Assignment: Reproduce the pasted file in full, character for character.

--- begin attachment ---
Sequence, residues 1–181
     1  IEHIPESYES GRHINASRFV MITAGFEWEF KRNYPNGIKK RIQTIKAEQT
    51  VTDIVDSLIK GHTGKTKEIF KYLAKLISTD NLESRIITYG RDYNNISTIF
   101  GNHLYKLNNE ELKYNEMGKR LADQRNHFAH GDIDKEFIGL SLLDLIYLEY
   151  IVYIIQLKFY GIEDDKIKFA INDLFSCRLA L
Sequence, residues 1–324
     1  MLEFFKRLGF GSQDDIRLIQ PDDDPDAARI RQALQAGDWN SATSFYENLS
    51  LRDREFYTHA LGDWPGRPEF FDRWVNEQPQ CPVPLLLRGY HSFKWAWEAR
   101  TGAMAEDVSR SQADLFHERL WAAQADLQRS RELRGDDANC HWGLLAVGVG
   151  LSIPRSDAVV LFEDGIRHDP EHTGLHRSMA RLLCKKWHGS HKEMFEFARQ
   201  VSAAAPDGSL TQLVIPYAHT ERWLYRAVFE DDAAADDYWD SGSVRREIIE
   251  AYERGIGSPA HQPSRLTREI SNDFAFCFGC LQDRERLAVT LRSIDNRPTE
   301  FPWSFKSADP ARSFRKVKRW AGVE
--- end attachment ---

Sequence, residues 1–181
     1  IEHIPESYES GRHINASRFV MITAGFEWEF KRNYPNGIKK RIQTIKAEQT
    51  VTDIVDSLIK GHTGKTKEIF KYLAKLISTD NLESRIITYG RDYNNISTIF
   101  GNHLYKLNNE ELKYNEMGKR LADQRNHFAH GDIDKEFIGL SLLDLIYLEY
   151  IVYIIQLKFY GIEDDKIKFA INDLFSCRLA L
Sequence, residues 1–324
     1  MLEFFKRLGF GSQDDIRLIQ PDDDPDAARI RQALQAGDWN SATSFYENLS
    51  LRDREFYTHA LGDWPGRPEF FDRWVNEQPQ CPVPLLLRGY HSFKWAWEAR
   101  TGAMAEDVSR SQADLFHERL WAAQADLQRS RELRGDDANC HWGLLAVGVG
   151  LSIPRSDAVV LFEDGIRHDP EHTGLHRSMA RLLCKKWHGS HKEMFEFARQ
   201  VSAAAPDGSL TQLVIPYAHT ERWLYRAVFE DDAAADDYWD SGSVRREIIE
   251  AYERGIGSPA HQPSRLTREI SNDFAFCFGC LQDRERLAVT LRSIDNRPTE
   301  FPWSFKSADP ARSFRKVKRW AGVE